Friday, July 22, 2011

Undesirable and purposeless passages under the radar


Take Larry Seidlitz’s thorough examination of the accusations against Peter, a document that has unfortunately slipped under the radar. Has anyone on the Right actually tried to dissect it and show where Larry might have gone wrong? He takes a neutral, open stance, analyses the allegations against Peter in detail, concludes in some instances that this statement here, that assertion there, is perhaps unnecessary or misplaced, but there are no signs of hostility anywhere. Why has no one on the Right dared to challenge him head on? […]
I should mention in this context that Manoj Das Gupta’s 18-page Reflections is one of the most balanced analyses of the various sides of the issue that one will find. It is unfortunate that this too seems to have slipped under the radar, as it answers many of the questions and accusations still doing the rounds.
In this essay, Larry Seidlitz, a resident and scholar at Pondicherry ...
An Examination of Larry Seidlitz's Defence of Heehs's Biography of Sri Aurobindo. Part 1. 
Mirror of Tomorrow :: Response to the Managing Trustee's “Some Reflections on the Agonising Issue of a Book” by Raman Reddy on Sat 21 Aug 2010 03:30 AM IST  |  Permanent Link  |  Cosmos

Manoj Das Gupta’s Analysis

I need not justify myself to any one. My sole concern is to try to be as faithful as possible, in my present state of consciousness, to the Mother and to the Mother alone. Hasn’t the Mother said: “I need not appear to be good if my sincerity is perfect. It is better to be than to seem.” (CWM, Vol. 15, p. 203) (Manoj Das Gupta’s Analysis, p. 1)

The main accusations against PH may be summarized under the following headings:
1. PH has violated copyright rules.
2. He has deliberately tried to denigrate Sri Aurobindo and lower his image in the eyes of the public.
3. As a consequence, he should be expelled from the Ashram
(Manoj Das Gupta’s Analysis, p. 1)

It is on record that P.H. had taken written permission for quoting from the writings of Sri Aurobindo. As for the bogey of using materials from Puraniji’s notebook, it is more a question of ethical propriety than a violation of copyright. I may mention here in passing that Puraniji has never ceded, in writing, his copyright to the Ashram. However, I agree that the passages thus quoted were quite unnecessary for the purport of the general theme of the book. P.H. himself has realized this at a heavy cost. (Manoj Das Gupta’s Analysis, p. 2)

In my long uninterrupted stay (over 65 years) in the Ashram I do not recall ever witnessing such a virulent commotion as is prevalent today, gripping our community life.

In the context of the above controversy the Ashramites may be classified into three groups:
a)  anti-PH Group—the most vociferous and militant of the three who would stop at nothing short of declaring a “Fatwa”;
b)  pro-PH group—more defensive and non-promotional;
c)  neutral group—this group, for various reasons, prefer to remain if not neutral at least silent….

Needless to say that according to the natural bent of my nature, my swadharma, my spontaneous sympathy is with the third group. But alas, am I permitted to enjoy the luxury of ‘neutrality’ while occupying an unenviable position in the Administration?

[The Managing Trustee quotes here Heehs’ letters regarding his intention to show how Sri Aurobindo transformed himself from the human to the divine]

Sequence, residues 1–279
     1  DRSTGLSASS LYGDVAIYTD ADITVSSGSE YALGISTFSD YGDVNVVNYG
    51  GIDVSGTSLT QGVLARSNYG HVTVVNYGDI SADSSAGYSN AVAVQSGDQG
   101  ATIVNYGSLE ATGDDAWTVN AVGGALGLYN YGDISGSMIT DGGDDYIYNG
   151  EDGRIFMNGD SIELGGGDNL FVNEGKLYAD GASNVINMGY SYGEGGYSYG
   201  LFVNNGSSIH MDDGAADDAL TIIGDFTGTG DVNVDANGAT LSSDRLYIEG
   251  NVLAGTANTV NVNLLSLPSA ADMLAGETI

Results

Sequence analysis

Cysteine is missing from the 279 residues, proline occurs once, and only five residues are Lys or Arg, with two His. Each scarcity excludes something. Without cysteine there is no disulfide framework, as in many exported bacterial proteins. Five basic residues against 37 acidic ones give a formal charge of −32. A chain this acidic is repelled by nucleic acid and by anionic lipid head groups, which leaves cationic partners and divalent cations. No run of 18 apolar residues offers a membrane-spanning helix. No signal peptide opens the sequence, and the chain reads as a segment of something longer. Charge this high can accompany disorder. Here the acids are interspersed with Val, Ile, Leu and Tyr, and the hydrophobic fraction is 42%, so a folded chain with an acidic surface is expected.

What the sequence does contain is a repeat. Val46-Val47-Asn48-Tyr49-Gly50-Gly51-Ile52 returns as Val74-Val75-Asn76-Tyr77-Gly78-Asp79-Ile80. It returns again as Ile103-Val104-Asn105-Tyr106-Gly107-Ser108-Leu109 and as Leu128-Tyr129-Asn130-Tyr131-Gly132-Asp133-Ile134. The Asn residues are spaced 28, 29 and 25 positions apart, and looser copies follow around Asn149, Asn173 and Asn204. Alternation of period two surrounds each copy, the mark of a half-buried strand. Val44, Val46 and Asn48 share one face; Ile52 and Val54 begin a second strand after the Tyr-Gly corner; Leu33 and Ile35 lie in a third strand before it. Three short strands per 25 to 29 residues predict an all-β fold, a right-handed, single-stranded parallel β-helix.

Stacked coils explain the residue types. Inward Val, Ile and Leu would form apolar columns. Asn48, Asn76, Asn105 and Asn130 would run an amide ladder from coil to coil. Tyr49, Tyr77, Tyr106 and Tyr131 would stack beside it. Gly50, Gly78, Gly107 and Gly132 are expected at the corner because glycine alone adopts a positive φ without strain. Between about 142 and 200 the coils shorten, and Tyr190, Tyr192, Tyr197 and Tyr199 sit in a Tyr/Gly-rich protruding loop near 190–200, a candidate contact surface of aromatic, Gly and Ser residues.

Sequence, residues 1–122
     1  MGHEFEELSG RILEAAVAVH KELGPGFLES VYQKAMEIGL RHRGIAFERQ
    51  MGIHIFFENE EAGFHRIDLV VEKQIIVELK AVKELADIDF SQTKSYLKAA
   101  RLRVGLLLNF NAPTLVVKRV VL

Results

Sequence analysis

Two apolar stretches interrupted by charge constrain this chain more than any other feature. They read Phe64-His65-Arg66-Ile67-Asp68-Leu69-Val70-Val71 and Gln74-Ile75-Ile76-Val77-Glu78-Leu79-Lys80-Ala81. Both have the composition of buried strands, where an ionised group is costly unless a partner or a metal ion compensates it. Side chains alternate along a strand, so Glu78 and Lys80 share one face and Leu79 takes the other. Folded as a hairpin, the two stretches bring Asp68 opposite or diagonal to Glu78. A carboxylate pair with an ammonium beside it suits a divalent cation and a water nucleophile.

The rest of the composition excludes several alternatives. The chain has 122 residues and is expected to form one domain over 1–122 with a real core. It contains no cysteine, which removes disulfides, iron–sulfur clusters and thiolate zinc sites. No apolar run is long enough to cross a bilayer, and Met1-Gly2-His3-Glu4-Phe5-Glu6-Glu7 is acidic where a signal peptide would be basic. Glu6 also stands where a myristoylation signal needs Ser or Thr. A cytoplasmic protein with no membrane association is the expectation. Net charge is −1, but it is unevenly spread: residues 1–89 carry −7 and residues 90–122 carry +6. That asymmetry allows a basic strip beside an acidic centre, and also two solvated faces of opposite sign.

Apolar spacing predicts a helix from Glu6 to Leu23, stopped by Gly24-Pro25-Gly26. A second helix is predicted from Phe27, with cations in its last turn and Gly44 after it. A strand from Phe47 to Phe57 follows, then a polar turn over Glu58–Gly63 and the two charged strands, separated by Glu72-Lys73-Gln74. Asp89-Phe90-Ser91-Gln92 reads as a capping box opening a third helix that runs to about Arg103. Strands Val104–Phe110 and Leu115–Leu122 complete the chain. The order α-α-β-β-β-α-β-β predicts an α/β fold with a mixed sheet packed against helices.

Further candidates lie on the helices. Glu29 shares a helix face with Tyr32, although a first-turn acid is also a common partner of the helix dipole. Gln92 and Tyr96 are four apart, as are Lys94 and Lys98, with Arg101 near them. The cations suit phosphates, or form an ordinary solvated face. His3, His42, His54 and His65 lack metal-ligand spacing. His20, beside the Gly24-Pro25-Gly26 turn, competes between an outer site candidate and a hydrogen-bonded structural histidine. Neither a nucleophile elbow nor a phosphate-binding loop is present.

From the above, my personal inclination is, if not to exonerate P.H. fully at least to give him, what in sporting parlance is known as ‘the benefit of the doubt’. (Manoj Das Gupta’s Analysis, pp. 3-5)

I’m sorry, I’m absolutely unable to agree with those who uphold the strong view that in order to vindicate the honour and prestige of the Ashram, P.H. should be expelled forthwith.

I strongly believe that before taking any hasty decision on the matter, we must be absolutely sure of the correctness of our judgment, weighing carefully, with an unprejudiced mind, all the pros and cons and especially examine the grave consequences that such a drastic action may entail on a spiritual community such as ours.

Another grave danger that we have to be cautious of is not to let our judgement be coloured in any way by our cultural background—what we loosely talk about as “lndian psyche”. Sri Aurobindo clearly states: “The Ashram has nothing to do with Hindu religion or culture or any religion or nationality. The Truth of the Divine which is the spiritual reality behind all religions and the descent of the supramental which is not known to any religion are the sole things which will be the foundation of the work of the future.” (Bulletin, April 1995, p.84) (Manoj Das Gupta’s Analysis, pp. 5-6)

It all began over an interview of Auroville Today with PH, in its August issue of 2008. Soon after, with the help of some friends R. began to circulate through the Internet and other means, a selection of extracts from PH’s book. This led to unprecedented furore and hue and cry among a section of devotees, culminating in a signature campaign—something that is never heard of in any Ashram—and goes obnoxiously against the exclusive character of our Ashram—for removing P.H. from the Archives. (I may say here in passing that I had already initiated a move asking PH to stay away from the Archives). The question that puzzles me, even to this day, is—Why did R of all persons, who by all accounts seemed to be a quiet and unobtrusive person, suddenly take up the cudgel to bash PH with? How does he justify such an action in the light of the Mother’s advice to the inmates of the Ashram put up on the Notice Board?

When you have nothing pleasant to say about something or somebody in the Ashram, keep silent.
You must know that this silence is faithfulness to the Divine’s work.